*To those who have been harmed in church, I know your pain is real. My sister is an MFT who loves to give care to those who have been wounded in the church. Let me put it this way, though, if you’ve ever been harmed by medical malpractice, eventually you have to go back to the doctor to have him fix what the first one damaged, right? There are healthy churches out there, ones that can deal compassionately and graciously with the wounded and bring the healing words of Jesus to bear on your life.

26 thoughts on ““Do I Have To Go To Church to Be a Christian?” A Few Rough Thoughts

      • I have been a Christian for over thirty years. Spent decades in the academy and in the pastorate and I have wrestled with this very subject for a very long time now.. This argument as to whether or not a person can be a Christian without going to church is based on a deeply flawed presupposition as well as an anemic biblical theology ( the predictable Hebrews proof text provided without any reference to the grand polemic of that amazing letter, namely, the identity of Jesus Christ) .

        There is a certain habit of thought, which functions as a “reality distortion field.” It is the all too common error in our view of causation, one where the imperative preceeds the indicative. With all due respect to yourself and to Tim Keller, who I deeply admire, the argument presented here, the unassailable, “biblical an obedient” is overreaching on so many levels. This abstract argument for “church attendance” reads like a grasp at control, controlling outcomes through coercion. It is this “clerical” instinct, which creates the “distortion” where we fail to consider what is lost when we continue to sacrifice the indicative (you are) on the altar of the imperative (you ought)!

        Might I suggest that we consider this issue in light of your recent, wonderful post? “What to call a Christian”, which is quite literally one of the very best things that I have ever read in any blog post! What you have there is not one important issue among many, but rather, the fountain and foundation of our faith. This is the only hermeneutic by which we ought to be evaluating every one of our doctrinal concerns! Thanks!

    • I think this is very true, and you’re right about much of Church as building or cultural-establishment are reaping the rotten fruits of many leaving. Paul is pretty clear that the Church is the whole of believers.

      Yet Paul also talks of ‘officers’ (lack of a better word) who lead the church, in the role of deacons/deaconesses and elders (and/or) bishops. These are also a part of the organic conception of the Church as the People of God. And besides thing belongs the meeting together for the sake of the eucharist, prayer, friendship, and hearing the Word. This is our corporate worship. And as Derek put it, if we’re not worshiping in this way, we’re worshiping something else.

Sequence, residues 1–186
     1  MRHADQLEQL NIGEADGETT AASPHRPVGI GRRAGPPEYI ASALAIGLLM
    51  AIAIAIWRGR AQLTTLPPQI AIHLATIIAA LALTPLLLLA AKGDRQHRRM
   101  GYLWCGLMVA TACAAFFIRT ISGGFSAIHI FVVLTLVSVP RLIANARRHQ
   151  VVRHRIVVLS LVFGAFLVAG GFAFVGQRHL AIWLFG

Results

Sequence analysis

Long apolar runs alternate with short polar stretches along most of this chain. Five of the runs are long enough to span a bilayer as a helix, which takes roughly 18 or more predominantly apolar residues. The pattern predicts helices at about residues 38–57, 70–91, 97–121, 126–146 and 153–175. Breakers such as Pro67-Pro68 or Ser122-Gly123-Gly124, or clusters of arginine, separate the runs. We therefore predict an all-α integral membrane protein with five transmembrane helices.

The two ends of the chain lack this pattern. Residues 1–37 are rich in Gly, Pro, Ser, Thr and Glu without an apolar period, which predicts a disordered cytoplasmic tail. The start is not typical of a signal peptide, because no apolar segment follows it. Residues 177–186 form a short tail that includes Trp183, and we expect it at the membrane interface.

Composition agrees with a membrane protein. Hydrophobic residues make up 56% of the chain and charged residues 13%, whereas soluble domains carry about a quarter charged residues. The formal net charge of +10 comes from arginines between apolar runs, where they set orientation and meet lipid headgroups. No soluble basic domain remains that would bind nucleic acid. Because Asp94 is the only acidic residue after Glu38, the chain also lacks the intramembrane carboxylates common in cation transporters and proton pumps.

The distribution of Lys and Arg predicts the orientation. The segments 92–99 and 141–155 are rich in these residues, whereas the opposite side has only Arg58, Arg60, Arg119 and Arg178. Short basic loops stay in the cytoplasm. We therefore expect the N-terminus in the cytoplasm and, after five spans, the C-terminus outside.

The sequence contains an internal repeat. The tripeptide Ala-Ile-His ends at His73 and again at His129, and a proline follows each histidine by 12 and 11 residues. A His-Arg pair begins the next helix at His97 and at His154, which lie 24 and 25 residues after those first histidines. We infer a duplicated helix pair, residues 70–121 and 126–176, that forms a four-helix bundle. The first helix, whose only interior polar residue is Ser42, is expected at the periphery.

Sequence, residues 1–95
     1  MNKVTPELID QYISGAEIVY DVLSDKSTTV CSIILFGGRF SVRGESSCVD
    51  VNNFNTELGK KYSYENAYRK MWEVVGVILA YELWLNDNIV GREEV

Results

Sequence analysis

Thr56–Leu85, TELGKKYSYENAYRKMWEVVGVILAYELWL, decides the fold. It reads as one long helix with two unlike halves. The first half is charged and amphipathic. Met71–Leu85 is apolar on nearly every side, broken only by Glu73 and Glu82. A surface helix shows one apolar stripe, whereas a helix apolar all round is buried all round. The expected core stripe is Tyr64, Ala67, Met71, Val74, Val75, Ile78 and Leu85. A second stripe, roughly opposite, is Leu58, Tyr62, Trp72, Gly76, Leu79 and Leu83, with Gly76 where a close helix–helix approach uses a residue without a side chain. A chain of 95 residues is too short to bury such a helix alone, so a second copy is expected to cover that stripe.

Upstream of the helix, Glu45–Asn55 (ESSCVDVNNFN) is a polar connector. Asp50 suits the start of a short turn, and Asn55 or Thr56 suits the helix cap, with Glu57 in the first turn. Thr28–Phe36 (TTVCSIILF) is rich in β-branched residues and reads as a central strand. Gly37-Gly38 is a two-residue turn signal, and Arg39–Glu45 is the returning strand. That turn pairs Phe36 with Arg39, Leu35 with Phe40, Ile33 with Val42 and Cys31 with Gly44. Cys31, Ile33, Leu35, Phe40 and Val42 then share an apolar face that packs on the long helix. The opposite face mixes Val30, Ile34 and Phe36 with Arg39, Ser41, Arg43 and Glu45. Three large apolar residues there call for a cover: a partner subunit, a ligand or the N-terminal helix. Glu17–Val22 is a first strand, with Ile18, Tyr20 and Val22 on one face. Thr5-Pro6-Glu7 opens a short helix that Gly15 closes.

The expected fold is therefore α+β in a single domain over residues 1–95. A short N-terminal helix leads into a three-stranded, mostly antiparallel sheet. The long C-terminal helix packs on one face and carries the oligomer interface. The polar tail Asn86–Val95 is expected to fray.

Derek:

      I guess my biggest beef roots itself in the turn-of-phrase ‘butts back in the pew’. I know you’re not weighing your post on this phrase, or mean much by it besides getting people back together. But it reinforces, typified in ‘pew’, the culture-establishment form of church. It will form the same rotted structure.

      We ought to be able to say, with Cyprian, that there is no salvation outside of the Church, or, with Augustine, one cannot have God as Father without Church as Mother. But these don’t mean the clericalism of Rome or any kind of denominational sectarianism. Church ought to be a living term, the exiled people of God, an alternative ‘polis’.

      Eyes might open up if Christians realized, in gathering, they are heralding the Lord of lords, the Head of His people, and the Judge of the world.

      • I keep working with the distinction between church as “non-for profit institution” and Church as the people of God surrounded around the Word and Sacraments. When churches are dying or when we want more people at church, it feels like it is the non-for profit institution we are clinging too and not what it means to be church. The rest of the stuff, from buildings committee, programs, etc are all the outward manifestations of how the Church decides to be church. But what if we simplify, like those christians that can only meet underground. What if we lose some of the trappings of church and go to the heart of making disciples who are around the word and sacraments, what would that look like today in our Western culture?

  1. As a (newish) Episcopalian, I love that you included the Lord’s Supper. 🙂 Sometimes it’s a struggle for me to do church, but the sacraments – more than anything – remind me that I can’t be Christian on my own.

  2. Thanks for this post. As a Reformed Christian who has made my confession according to the Three Forms of Unity, it is against my own confession (Belgic Confession, Article 28) to argue that I can live a godly life separate from the church. The Belgic Confession reminds us that we are ‘duty bound’ to attend church because we are members of the same body and we ought to be serving one another. It’s really tough to serve each other if we are consistently absent. This seems to be basic to the summary of the second table of the Law–to love my neighbor as myself.

    Another way to put it would be that my absence at my church is unloving and hurtful to my closest neighbors–the household of God. The problem is that the idea of ‘duty bound’ isn’t well understood in a Christian culture of cheap grace.

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  4. As a PK I’ve heard my dad talk about people who believe in Christianity life without church quite a bit. His questin is always , “So what if you *can* be a Christian without the church? Why would you want to?” For him lack of desire to be with God’s people said much more than lack of conviction .

  5. Good post, I would love to see you write one on the beauty of the church because…well I love my church so much and being a part of it has made me a much stronger Christian than I ever could have been on my own or even just showing up for 90 minutes on Sunday morning.
    I hated the idea of being involved in a small group. I don’t like people. I don’t like being open with them. I hate praying publicly. Hate it so much. Small groups sounded like my version of hell. But I have a lot of respect for my pastors and they were so gung-ho about the groups that I joined one anyway and seriously – it has made all the difference.